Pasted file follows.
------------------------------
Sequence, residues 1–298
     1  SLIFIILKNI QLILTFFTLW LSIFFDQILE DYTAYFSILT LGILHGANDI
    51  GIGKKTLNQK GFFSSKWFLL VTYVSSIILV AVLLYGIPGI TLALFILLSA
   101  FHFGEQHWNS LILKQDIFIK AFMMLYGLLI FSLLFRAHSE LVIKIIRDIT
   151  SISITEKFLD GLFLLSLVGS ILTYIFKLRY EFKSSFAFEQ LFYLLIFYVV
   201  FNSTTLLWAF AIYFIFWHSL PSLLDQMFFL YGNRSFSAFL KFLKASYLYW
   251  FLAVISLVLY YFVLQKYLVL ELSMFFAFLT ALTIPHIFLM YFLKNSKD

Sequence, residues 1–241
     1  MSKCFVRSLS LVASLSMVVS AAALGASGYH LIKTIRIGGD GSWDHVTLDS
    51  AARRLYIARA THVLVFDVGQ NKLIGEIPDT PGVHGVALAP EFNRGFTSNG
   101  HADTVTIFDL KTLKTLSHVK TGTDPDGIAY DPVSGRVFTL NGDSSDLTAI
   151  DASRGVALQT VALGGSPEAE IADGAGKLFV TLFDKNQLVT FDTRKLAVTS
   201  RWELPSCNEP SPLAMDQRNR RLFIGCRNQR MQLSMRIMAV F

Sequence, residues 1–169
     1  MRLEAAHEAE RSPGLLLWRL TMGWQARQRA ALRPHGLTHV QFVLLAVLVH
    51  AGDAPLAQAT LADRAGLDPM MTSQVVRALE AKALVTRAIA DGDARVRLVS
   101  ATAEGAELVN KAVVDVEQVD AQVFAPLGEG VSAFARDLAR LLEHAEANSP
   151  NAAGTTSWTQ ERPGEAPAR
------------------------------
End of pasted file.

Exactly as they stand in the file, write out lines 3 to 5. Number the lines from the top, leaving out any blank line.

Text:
    51  GIGKKTLNQK GFFSSKWFLL VTYVSSIILV AVLLYGIPGI TLALFILLSA
   101  FHFGEQHWNS LILKQDIFIK AFMMLYGLLI FSLLFRAHSE LVIKIIRDIT
   151  SISITEKFLD GLFLLSLVGS ILTYIFKLRY EFKSSFAFEQ LFYLLIFYVV